Modern Efficiency – Managing Mother Nature’s Toughest

Written By: Matt Drewes | October 30, 2017
In the past a building’s enclosure were far less complicated. The building’s architecture often reflected how the building works. In other words, the architecture reflected what area in the world it was located; factors like site orientation, using the natural topography and foliage to help a buildings Performance; a building’s shape and size can also influence how the exterior environments can affect the building’s performance. Often you had one feature of the buildings enclosure serving multiple purposes. However, today we can actively alter the interior environments regardless of how harsh the exterior environments are. All we have to do is adjust the little display located on the wall to whatever makes us comfortable. This modern luxury has drastically altered where and how we live. In the 1950 the percentage of the us population living within the sunbelt was around 28 percent, that number had grown to roughly 40 percent by the year 2000. (Rosen, Rebecca J. How the Air Conditioner Made Modern America, The Atlantic 2011) We also live in a global economy, a society were ideas and goods are as readily available as the air we breathe. Thanks to these innovations, modern architecture has now taken hold, a style that is no longer dependent on its immediate environment to drive the buildings design, rather modern technological innovations. However, I’m not saying that because of modern technology we can do away with the “old way of doing things”, but I am saying we can use it to make things better!
Unfortunately, the cost of actively altering the interior environment with air conditioning is expensive. Therefore, having an efficient building enclosure is pivotal to further separate the comfortable interior environment form the harsh unforgiving exterior environment. The modern building enclosure has arranged its complicated barrier system to effectively manage and repel the worst mother nature can dish out. First, there is the durable exterior finish layer, which can be anything from brick and fiber cement boards to lap siding or other types of rain screens. This layer is never completely weather tight and must allow a small space for air circulation and drainage of any excess moisture. The second layer needs to be the thermal barrier. This layer, which would typically be expected within the support structure between studs has now moved to the exterior of the control layers. This is because of thermal bridging, the studs located within the wall have a far less R-value than the surrounding insulation, this lack of insulation essentially creates a gap were heat loss can occur.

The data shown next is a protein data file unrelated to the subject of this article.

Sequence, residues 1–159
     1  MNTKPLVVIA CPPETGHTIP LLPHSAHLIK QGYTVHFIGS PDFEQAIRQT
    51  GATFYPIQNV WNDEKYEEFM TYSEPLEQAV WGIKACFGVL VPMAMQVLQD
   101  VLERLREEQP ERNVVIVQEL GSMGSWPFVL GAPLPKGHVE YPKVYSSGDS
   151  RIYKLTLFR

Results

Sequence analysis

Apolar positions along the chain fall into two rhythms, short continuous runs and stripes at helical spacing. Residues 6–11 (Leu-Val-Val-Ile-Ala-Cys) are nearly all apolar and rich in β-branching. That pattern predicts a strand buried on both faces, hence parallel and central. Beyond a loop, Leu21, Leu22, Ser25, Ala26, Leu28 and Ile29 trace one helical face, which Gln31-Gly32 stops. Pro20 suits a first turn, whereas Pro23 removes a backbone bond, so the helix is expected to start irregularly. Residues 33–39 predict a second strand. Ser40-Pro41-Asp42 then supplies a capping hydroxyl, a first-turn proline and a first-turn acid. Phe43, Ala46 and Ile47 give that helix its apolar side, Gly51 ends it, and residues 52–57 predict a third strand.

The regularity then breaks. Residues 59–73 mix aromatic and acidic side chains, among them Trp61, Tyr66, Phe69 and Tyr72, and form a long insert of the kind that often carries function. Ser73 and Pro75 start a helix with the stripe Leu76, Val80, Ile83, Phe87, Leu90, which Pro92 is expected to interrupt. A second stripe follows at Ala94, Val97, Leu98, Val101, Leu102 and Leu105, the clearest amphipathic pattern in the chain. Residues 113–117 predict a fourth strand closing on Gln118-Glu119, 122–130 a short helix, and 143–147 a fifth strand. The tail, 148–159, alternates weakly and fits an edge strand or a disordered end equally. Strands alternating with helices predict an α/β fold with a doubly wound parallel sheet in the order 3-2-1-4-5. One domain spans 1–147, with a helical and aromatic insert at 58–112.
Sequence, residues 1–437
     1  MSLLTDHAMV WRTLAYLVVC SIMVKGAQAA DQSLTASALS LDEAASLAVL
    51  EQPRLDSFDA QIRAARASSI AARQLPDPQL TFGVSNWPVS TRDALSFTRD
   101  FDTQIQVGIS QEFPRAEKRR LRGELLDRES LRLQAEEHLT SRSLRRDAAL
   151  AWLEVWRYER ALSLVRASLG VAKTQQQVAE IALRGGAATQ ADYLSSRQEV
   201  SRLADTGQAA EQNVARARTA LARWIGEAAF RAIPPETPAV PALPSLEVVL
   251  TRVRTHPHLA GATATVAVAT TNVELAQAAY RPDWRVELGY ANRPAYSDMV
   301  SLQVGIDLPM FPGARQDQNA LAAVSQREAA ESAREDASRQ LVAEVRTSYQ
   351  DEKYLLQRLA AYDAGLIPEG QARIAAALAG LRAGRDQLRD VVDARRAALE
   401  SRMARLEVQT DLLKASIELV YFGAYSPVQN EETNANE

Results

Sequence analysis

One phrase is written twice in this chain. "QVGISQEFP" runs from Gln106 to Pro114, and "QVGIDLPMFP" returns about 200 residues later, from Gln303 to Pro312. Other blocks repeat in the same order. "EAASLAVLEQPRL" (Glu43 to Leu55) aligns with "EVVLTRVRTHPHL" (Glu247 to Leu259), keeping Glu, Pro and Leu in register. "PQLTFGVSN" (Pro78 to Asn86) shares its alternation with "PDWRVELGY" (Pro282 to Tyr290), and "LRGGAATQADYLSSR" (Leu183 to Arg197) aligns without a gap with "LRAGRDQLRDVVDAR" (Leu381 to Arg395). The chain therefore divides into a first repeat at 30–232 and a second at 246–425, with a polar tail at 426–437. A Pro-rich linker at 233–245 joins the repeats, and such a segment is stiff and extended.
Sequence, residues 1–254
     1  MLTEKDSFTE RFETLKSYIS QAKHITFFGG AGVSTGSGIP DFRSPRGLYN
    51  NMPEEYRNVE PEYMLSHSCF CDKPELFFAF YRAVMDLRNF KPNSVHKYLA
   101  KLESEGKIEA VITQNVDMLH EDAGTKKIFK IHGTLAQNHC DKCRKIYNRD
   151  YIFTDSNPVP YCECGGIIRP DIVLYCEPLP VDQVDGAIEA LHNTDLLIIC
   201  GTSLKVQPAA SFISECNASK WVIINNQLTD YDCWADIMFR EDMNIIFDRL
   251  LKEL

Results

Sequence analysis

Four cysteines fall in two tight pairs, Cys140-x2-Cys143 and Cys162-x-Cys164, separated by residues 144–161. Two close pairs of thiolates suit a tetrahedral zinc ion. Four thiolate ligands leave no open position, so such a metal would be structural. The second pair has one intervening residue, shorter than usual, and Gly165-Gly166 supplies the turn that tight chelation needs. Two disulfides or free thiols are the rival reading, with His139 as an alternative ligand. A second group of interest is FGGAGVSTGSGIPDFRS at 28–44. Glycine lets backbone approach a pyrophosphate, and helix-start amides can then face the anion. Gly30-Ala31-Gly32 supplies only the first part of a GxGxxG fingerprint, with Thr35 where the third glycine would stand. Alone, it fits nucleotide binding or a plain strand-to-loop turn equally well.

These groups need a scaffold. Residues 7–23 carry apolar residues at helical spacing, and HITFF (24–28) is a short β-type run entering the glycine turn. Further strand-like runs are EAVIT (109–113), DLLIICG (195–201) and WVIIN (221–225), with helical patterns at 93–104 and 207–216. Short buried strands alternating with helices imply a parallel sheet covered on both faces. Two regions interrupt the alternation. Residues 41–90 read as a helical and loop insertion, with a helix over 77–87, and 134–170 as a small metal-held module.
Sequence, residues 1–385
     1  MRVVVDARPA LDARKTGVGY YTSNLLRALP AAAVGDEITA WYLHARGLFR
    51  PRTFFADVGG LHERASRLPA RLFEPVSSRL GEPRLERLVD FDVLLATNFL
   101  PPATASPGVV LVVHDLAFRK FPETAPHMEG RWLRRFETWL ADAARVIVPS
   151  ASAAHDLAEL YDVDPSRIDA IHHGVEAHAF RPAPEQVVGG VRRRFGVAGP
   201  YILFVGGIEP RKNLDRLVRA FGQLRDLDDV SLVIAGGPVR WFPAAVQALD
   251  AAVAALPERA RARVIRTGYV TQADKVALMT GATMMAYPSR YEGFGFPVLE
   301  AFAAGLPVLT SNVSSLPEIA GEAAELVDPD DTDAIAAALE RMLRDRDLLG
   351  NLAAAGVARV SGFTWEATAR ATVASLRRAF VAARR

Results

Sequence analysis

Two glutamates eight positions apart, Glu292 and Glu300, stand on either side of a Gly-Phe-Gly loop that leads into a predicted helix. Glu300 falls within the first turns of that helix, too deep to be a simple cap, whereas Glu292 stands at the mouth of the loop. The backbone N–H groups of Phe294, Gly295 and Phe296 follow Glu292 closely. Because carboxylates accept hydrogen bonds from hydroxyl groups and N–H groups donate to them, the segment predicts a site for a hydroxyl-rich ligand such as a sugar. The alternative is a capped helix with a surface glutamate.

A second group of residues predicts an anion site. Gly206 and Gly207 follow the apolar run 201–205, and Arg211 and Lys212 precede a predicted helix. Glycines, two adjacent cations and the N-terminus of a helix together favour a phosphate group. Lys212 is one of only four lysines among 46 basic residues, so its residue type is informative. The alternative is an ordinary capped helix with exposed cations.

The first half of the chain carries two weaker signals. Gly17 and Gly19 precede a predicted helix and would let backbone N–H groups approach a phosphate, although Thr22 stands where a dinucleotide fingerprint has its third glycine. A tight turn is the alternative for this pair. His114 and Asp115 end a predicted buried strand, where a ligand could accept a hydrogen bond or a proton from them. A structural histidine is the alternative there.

Moving the insulation to the outside and using semi-rigid MFI, XPS, EPS, or PIC insulation allows for a more efficient, continuous thermal barrier and a more effective R-Value. Additionally, moving the insulation to the exterior also helps mediate the amount of moisture that penetrates to the third layer, the moisture barrier. The moisture barrier is the layer specifically designed to keep water out. This layer can be either permeable or impermeable depending on what kind of moisture mitigation system is in place.
The moisture barrier is often combined with the fourth layer, the air barrier. Just as thermal bridging can occur in areas that lack insulation, air leakage can drastically reduce the efficiency of a building by allowing exterior air to enter and all that nice, comfortable, conditioned air out. The fifth and last barrier is the vapor barrier, this layer is designed to prevent the movement of water vapor molecules through microscopic openings in porous materials like wood, gypsum, and concrete. Vaper tends to move from the warm to cold and condense into water droplets, this process can start to pose a problem when the thermal insulation is located within the support wall, vapor passes through and condenses on the cold side and could starts to develop mold. Therefore, the vapor barrier is located on the interior side of the barrier layers, to remain on the warm side of the buildings enclosure.
Although modern technology has seemingly made the building enclosure more complicated, it has also made things extremely more efficient. The key is to break down to the individual layers by asking, “what is the purpose of this layer and how does it work with the rest of the system?”.